COLUMBUS — Columbus Public Schools board members will be eyeing options for the former downtown middle school in the months ahead that will determine whether the more than 90-year-old building at 16th Street and 23rd Avenue is sold, remodeled or demolished and replaced.
During the campaign for the bond issue voters approved in May 2014 for the construction of a new high school along 33rd Avenue and Lost Creek Parkway, school board members told district patrons the future of the old middle school would be revisited within two years after the shift to a new high school.
The district needs to weigh the options in the months ahead with a goal of presenting them to the public this summer, Superintendent Troy Loeffelholz told board members during Monday evening’s meeting.
“We need to start the conversation,” the superintendent said.
The district will work with RVW Inc. of Columbus in the next few months to determine the estimated costs of the options for the former middle school.
At the time of the bond issue’s passage nearly three years ago, district plans were to utilize the 1965, 1988 and 1989 additions to the old middle school after students were shifted to the former high school along 26th Street.
The original three-story portion of the building facing 16th Street, built in 1924, would be held by the school district for 18 months to two years to determine if a buyer is interested in converting it for another use.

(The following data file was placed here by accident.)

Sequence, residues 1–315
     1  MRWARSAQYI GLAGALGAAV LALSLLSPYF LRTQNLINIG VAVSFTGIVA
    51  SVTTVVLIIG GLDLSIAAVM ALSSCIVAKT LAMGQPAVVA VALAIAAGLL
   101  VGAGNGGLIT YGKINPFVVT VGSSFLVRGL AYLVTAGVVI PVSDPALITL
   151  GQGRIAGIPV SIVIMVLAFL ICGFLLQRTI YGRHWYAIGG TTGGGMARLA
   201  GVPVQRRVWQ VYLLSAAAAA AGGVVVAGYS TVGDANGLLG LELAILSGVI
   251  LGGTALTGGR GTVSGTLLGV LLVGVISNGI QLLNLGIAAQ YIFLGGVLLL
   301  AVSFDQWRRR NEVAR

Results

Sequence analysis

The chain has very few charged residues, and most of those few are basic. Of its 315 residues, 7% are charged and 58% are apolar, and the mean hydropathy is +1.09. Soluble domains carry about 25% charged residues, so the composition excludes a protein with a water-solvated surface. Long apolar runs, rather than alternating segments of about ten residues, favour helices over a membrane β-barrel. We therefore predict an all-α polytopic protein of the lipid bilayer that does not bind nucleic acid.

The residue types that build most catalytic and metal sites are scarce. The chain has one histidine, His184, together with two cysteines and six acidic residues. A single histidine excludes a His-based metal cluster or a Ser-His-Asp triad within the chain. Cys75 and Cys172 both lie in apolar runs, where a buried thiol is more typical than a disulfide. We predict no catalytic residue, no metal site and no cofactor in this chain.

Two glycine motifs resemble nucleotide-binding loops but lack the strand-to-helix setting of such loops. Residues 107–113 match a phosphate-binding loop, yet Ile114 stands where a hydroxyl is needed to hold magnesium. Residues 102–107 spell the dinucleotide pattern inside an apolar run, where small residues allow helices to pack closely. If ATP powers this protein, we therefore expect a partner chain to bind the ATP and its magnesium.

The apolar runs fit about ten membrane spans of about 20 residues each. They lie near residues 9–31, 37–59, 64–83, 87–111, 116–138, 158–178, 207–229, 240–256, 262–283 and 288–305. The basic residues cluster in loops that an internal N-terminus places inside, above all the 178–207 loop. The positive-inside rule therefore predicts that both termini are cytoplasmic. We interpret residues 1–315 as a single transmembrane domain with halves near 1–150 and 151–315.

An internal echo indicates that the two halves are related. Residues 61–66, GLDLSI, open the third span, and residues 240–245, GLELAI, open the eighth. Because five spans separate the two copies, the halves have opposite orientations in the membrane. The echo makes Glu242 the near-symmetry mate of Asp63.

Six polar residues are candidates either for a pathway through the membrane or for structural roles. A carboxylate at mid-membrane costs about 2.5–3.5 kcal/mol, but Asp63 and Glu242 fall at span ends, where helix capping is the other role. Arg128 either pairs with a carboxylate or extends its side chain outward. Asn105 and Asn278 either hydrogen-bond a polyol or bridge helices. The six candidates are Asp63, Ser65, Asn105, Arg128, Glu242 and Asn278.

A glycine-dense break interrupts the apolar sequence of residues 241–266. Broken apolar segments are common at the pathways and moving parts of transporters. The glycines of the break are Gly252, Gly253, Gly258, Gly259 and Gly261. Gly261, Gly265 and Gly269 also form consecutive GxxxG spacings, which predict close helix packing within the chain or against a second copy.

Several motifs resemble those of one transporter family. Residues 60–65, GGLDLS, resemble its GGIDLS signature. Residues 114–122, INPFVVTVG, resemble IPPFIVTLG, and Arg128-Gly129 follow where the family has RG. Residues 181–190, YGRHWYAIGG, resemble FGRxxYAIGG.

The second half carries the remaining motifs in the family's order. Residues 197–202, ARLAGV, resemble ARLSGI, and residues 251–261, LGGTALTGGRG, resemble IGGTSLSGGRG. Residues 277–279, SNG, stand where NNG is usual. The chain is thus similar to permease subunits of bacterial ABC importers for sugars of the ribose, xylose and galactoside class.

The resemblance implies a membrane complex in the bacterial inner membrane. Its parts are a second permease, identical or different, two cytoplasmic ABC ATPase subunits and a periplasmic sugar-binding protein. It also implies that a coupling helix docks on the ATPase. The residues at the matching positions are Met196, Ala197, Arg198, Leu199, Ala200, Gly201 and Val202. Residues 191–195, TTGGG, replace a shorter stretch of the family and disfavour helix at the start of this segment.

CPS officials said Monday night the original structure has generated interest from more than a half-dozen potential buyers, but no sale has materialized.
Three years ago, the school district’s proposal for the remaining sections of the building included central administrative offices, including the superintendent’s office, school board room, student services and early childhood education.
Plans also called for a preschool to be located in the downtown school with the new gymnasium maintained.
On Monday night, several board members said they like the property's central location just north of the downtown area. Meanwhile, some CPS officials are worried the district could wind up sinking substantial funds into a renovation.
“They say it’s about location, location, location, and that building has the location,” said Theresa Seipel, board president.
Board member Candy Becher noted that in previous years the district sold abandoned schools to private investors that never followed through on plans for redevelopment.
“The (district) got nothing for them and they can become an eyesore,” she said.
Board member Tim Pospisil said the board could take a look at “bulldozing” the property and building a school designed to meet the district’s needs.
“Why not build on that spot and get the building we want?” Pospisil said.
Board member Mike Goos agreed.
“I like Tim’s idea. The (existing school building) does have a great location,” Goos said. “We need to explore our options.”